Tuesday, September 13, 2011

At this rate, I may not need heat.

By the title, I mean that the more estimates I've gotten on having electric heat installed, the more frustrated I've become.

When I start thinking about the experience in general, my face starts to flush and I feel overly warm but not in a good way.  Not in the "anticipated gift" sort of way but maybe more in the "I just totaled my car" category.

While my budget would reflect on the "utilities" side that the effects of getting this flustered may be a great way to save on heating bills, my "medical expenses" side would soar due to doctor visits for high blood pressure and stress.

All I want is for the oil-fired furnace to go away and be replaced with an electric one before cold weather approaches.  No spending almost $4/gal for heating oil with probably a 100 gallon minimum purchase; no more black sooty junk blown all over the house; no having the house smell like an old auto repair shop; no worries about carbon monoxide spewing forth as I sleep (yes, I have a detector).

Having previously held an HVAC certification, most of the time I have a good idea what needs to be done to my heat and air.  It's been nine years since my certification but I do remember some things.  I also have a sense for someone feeding me a line when it comes to home repairs. 

Three companies responded to estimate the furnace replacement.  Here's what happened:

Company #1 visited on August 17th.  I had chosen them because they serviced the system for the previous homeowner and did the HVAC inspection prior to my purchasing the home.  This time they didn't send out the servicemen; they sent an estimator.  Older guy, starched shirt, creased khakis; definitely not dressed to go under a house nor get dirty.  And he whistled.  All the time.  I purely detest whistling so this immediately went over huge with me.  I figured I could put up with it since he wouldn't be an installer.  He whisked in and out and quoted a low quality, contractor-grade system and recommended replacing some of the ductwork.  Estimate $5,600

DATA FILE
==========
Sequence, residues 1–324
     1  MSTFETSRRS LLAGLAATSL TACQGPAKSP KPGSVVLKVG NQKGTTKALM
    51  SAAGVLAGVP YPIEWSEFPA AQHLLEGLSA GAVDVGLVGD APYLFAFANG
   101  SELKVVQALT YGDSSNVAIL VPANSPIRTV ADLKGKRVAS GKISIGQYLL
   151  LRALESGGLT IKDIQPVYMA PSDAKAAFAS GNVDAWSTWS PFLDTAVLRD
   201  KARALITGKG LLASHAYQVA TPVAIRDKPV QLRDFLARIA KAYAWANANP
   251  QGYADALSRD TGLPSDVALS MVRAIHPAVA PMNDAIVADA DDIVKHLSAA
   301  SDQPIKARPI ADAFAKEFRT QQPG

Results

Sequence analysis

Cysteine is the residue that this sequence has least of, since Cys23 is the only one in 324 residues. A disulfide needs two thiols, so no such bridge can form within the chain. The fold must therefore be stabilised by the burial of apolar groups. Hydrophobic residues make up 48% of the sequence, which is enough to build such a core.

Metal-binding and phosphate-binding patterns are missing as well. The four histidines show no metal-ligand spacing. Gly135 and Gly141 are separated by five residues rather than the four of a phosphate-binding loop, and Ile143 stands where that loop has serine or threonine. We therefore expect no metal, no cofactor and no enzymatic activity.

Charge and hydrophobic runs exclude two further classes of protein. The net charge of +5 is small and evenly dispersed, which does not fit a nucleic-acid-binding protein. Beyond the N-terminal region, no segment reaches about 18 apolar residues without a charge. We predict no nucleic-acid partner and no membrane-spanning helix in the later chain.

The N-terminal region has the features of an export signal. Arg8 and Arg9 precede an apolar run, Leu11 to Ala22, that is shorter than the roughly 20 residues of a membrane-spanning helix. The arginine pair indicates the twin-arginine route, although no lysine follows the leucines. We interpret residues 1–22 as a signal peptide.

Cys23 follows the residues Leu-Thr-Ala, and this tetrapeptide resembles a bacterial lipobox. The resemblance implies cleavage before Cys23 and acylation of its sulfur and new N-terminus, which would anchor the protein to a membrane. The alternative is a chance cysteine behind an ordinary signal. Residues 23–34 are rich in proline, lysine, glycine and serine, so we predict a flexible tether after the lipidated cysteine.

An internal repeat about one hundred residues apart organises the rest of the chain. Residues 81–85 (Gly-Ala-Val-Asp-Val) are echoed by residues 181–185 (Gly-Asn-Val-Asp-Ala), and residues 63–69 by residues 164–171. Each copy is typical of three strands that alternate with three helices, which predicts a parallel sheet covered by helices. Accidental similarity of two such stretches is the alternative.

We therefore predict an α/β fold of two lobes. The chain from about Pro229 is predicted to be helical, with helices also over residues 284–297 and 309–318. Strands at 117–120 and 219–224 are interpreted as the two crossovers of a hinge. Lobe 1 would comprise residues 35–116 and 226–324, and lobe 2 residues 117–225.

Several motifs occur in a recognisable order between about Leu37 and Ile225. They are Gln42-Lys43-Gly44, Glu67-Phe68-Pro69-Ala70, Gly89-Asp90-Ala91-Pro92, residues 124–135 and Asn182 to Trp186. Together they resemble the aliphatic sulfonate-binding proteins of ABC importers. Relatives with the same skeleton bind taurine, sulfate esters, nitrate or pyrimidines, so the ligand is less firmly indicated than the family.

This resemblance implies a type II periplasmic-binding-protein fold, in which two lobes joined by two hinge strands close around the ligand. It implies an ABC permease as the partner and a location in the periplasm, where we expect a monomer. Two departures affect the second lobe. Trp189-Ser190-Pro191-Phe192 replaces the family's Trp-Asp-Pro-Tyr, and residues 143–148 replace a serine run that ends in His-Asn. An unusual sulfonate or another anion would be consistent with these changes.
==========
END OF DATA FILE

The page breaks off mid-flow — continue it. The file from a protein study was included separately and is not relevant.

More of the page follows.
Company #2 came out the next day.  They've done work for friends and a small repair for me on another home and performed a second opinion inspection on the furnace.  I felt the technician was inexperienced and somewhat dishonest.  He overemphasized eye contact when talking, excessively said "ma'am," "believe me," or "you can trust me on that."  Despite that, I called them to potentially take on a costly job based on my friends' positive experiences.  Lucky me:  they sent The Ma'am-er again.  He berated Company #1 at every opportunity, buzz-word/phrased me to death again, and convinced me after only a few minutes that I regretted calling.  He recommended a mid-grade, name brand system and replacing no ductwork.  Estimate:  $5,500